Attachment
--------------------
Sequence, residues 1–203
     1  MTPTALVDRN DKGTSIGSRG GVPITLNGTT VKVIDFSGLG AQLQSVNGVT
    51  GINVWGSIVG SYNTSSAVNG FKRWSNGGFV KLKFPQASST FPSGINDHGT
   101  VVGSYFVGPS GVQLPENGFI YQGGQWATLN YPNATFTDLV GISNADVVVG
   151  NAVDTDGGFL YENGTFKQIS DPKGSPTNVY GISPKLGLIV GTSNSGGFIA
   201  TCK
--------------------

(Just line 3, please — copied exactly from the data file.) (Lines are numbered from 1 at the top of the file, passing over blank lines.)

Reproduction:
    51  GINVWGSIVG SYNTSSAVNG FKRWSNGGFV KLKFPQASST FPSGINDHGT